Technology is predicted to makes us more connected to people throughout the globe. It enables us to get in touch with various pals most of the time on Twitter, Instagram, Facebook, and of course through texting. But it has increased the stage of loneliness among the people all around the world. Yes, loneliness has come to be a high common occurrence in the previous few years. Majorly, this has been driven hugely by the developments in the technology sector. It has enabled people to be exposed to many humans daily. Unlike in the previous years, when people could talk or converse face to face, in the current community or society, most of these contacts take area via a computer monitor, cell phone or a television screen (Campbell 14).
Face to face interaction among humans are designed genetically to acquire satisfaction from a relationship that is meaningful to people who are real, and apparently, they mutually gain many advantages from doing so. Technology has enhanced global communication to be much possible, but paradoxically, it creates fewer interactions among humans. For example, few years ago, a family could sit and eat together as they talked to one another, but nowadays it has been common for family members to sit staring at the television and eat without talking. Eating with family members is enjoyable, and it will be hard for an individual who is used to discussing for instance their day at the table not being able to do so. Though technology facilitates communication among several people globally, in reality, no matter how many people or friends you have on Facebook or any social network, they end up resulting in the same thing. This bubble of technology keeps an individual isolated from the contact of real human contact and interaction.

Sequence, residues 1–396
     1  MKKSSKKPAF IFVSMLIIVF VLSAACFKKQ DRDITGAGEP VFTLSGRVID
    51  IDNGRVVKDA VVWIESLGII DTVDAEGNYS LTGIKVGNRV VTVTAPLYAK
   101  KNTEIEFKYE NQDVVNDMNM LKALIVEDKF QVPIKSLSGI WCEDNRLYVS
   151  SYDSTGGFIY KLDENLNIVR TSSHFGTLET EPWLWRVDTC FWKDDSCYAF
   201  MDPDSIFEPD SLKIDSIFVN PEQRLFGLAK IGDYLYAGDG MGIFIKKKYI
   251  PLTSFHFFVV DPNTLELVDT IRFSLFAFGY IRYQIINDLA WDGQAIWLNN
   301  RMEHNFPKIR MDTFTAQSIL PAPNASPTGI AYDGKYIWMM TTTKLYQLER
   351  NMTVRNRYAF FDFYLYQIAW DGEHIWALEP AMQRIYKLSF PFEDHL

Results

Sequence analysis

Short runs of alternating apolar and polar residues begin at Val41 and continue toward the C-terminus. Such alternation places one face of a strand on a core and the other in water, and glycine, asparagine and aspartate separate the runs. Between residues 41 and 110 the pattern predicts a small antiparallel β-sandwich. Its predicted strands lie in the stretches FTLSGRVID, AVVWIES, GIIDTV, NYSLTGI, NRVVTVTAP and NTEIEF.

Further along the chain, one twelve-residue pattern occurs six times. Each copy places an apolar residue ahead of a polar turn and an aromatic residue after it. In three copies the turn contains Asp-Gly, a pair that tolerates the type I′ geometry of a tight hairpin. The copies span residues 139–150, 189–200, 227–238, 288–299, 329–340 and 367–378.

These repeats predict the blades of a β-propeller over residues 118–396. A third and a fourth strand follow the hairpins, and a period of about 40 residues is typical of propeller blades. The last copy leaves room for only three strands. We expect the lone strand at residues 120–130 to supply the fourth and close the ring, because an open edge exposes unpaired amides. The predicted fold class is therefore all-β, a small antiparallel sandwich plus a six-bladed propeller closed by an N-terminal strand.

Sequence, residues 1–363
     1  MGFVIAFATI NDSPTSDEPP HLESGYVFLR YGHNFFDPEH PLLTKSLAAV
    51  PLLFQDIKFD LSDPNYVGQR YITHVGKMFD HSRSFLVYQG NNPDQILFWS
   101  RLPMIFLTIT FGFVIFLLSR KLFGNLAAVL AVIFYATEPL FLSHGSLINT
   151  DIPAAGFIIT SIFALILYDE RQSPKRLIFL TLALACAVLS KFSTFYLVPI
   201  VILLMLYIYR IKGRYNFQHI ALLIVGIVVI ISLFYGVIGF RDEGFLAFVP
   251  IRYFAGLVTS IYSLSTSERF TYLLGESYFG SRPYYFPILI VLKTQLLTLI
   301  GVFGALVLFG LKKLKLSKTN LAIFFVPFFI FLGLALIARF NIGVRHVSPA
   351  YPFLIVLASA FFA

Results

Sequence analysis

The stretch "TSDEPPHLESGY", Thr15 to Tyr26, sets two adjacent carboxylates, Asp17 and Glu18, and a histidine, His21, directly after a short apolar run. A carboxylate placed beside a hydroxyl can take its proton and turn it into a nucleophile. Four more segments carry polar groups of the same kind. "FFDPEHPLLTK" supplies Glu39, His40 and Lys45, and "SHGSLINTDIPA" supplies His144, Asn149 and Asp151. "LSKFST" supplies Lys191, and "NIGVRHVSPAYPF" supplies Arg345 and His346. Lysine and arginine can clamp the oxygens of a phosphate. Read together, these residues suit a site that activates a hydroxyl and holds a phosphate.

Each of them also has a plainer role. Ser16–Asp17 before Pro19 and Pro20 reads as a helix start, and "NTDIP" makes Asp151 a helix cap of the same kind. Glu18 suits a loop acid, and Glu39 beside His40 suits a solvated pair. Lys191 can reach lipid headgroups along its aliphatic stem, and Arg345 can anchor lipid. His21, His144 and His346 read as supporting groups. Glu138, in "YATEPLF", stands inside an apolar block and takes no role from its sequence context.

When a person becomes isolated from the other people, the aspect of loneliness will still encrypt since the virtual friends won’t satisfy the desires, wants, and needs in the long run.
Campbell, Todd A. “iPads, iPods and Technology-Enabled Isolation: If We’re So Connected, Why are We so Alone?” GSTF Journal of Music (JMusic), vol. 1, no. 1, 2014, pp. 14-19.